Bucket's cheap milk

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Bucket's cheap milk

Jan 11, 2018 | 17:41 1 I saw your comment in another thread bucket how cheap milk might be ok. Interesting timing as Shiv Chopra passed away January 7th. He was the Health Canada scientist who was fired after testifying before a Senate committee that their own government bosses pressed them to approve the rGBH drug (a growth hormone to increase milk production), despite questions about its safety. Luckily there was a large enough public outcry and the Government decided not to allow it's use in Canada although it is used in the USA.

The evidence shows that elevated levels of insulin-like growth factor 1 (IGF-1), which has been linked to the development of various cancers, have been found in people who drink milk or eat meat from rBGH-treated cows.

I'd prefer not to drink that milk, however cheap. Reply With Quote
ajl
Jan 11, 2018 | 18:32 2 Milk has been selling as low as 0.75 US per gallon in some parts of the US midwest recently as a loss leader. BST is a naturally occurring hormone so it is likely perfectly fine and since it has been in use in the US since the mid 1980's it, like GMO canola has stood the test of time. There are non rBST product available in the US available as well for those who prefer it. Why do low income Canadians need to subsidize wealthy dairy farmers in Canada? Typical producer prices for milk are currently around 0.50 cdn per litre in the states but in the last 5 yrs have been as low as 0.40 and as high as 0.63 in the last five year compared to 0.80 right now in Canada. Reply With Quote
Jan 11, 2018 | 18:40 3
Quote Originally Posted by ajl View Post
....it is likely perfectly fine....
Is that a scientific opinion? lol

By the same token why do low income Canadians need to subsidize wealthy grain farmers in Canada? Reply With Quote
Jan 11, 2018 | 18:41 4
Quote Originally Posted by ajl View Post
Milk has been selling as low as 0.75 US per gallon in some parts of the US midwest recently as a loss leader. BST is a naturally occurring hormone so it is likely perfectly fine and since it has been in use in the US since the mid 1980's it, like GMO canola has stood the test of time. There are non rBST product available in the US available as well for those who prefer it. Why do low income Canadians need to subsidize wealthy dairy farmers in Canada? Typical producer prices for milk are currently around 0.50 cdn per litre in the states but in the last 5 yrs have been as low as 0.40 and as high as 0.63 in the last five year compared to 0.80 right now in Canada.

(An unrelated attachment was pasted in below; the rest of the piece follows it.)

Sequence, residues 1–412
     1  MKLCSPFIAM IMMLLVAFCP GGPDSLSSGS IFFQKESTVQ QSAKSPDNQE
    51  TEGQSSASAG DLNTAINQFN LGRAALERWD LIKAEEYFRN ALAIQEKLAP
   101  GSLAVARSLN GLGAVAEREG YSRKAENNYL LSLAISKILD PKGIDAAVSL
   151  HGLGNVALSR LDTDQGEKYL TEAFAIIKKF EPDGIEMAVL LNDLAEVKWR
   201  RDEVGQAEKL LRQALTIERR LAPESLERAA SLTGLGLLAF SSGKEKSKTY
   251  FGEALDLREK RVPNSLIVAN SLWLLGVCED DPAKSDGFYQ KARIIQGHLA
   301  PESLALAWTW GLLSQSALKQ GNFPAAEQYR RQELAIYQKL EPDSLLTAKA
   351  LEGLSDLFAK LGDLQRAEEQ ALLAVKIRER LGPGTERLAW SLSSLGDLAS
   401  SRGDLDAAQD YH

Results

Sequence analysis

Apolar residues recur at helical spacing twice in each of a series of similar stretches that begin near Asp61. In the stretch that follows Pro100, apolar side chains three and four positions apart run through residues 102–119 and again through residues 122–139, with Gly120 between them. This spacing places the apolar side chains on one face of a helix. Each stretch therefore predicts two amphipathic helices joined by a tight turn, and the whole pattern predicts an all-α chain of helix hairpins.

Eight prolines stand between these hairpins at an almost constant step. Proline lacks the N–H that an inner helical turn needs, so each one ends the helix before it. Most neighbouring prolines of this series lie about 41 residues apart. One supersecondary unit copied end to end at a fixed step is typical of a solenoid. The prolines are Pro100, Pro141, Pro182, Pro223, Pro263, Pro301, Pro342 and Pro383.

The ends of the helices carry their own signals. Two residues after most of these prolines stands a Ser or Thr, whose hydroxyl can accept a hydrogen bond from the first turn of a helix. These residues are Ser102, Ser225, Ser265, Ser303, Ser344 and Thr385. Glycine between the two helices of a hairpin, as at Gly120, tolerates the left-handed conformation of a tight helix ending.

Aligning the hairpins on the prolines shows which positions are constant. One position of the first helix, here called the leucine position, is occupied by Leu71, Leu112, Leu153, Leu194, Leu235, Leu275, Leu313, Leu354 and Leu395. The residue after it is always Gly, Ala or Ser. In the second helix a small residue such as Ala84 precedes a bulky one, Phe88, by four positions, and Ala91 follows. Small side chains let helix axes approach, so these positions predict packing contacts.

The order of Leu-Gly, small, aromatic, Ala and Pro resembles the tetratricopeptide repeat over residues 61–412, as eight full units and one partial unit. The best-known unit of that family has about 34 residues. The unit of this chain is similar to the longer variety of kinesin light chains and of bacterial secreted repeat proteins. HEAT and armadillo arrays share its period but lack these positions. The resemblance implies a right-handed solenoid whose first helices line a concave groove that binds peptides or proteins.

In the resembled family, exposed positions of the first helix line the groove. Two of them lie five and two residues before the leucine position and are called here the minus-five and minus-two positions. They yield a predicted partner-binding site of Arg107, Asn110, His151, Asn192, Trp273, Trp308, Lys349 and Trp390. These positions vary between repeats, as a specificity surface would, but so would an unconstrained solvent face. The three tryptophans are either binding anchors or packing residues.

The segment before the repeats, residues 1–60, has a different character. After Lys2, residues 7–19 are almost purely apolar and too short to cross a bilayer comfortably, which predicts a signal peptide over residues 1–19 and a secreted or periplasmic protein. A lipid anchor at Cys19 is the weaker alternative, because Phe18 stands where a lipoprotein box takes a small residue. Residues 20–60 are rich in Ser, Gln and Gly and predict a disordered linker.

Ajl, have you compared what Americans pay for beef compared to what Canadians pay? Anytime I have looked on sale flyers of Canadian vs American, Canadian beef is usually 50% more expensive than American beef in Canadian dollars. How do you explain this, there is no supply management in Canadian beef? Reply With Quote
Jan 11, 2018 | 18:59 5
Quote Originally Posted by Hamloc View Post
Ajl, have you compared what Americans pay for beef compared to what Canadians pay? Anytime I have looked on sale flyers of Canadian vs American, Canadian beef is usually 50% more expensive than American beef in Canadian dollars. How do you explain this, there is no supply management in Canadian beef?
I believe the word is Collusion Not supply management...

Net effect to the consumer is the same, but less parties benefit.
Last edited by AlbertaFarmer5; Jan 11, 2018 at 19:15.
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Jan 11, 2018 | 19:00 6
Quote Originally Posted by grassfarmer View Post
Is that a scientific opinion? lol

By the same token why do low income Canadians need to subsidize wealthy grain farmers in Canada?
Cant wait to hear what you mean by this comment comparing the two Reply With Quote
Jan 11, 2018 | 19:13 7 Jeepers grass, at least post the rest of the story instead of being a fake headline making douchay.

So your paragraph plus.....

Some studies have shown that adults who drink milk have about 10% higher levels of IGF-1 in their blood than those who drink little or no milk. But this same finding has also been reported in people who drink soy milk. This suggests that the increase in IGF-1 may not be specific to cow's milk, and may be caused by protein, minerals, or some other factors in milk unrelated to rBGH. There have been no direct comparisons of IGF-1 levels in people who drink ordinary cow's milk vs. milk stimulated by rBGH.

At this time, it is not clear that drinking milk, produced with or without rBGH treatment, increases blood IGF-1 levels into a range that might be of concern regarding cancer risk or other health effects.

And the link https://www.cancer.org/cancer/cancer...h-hormone.html Reply With Quote
ajl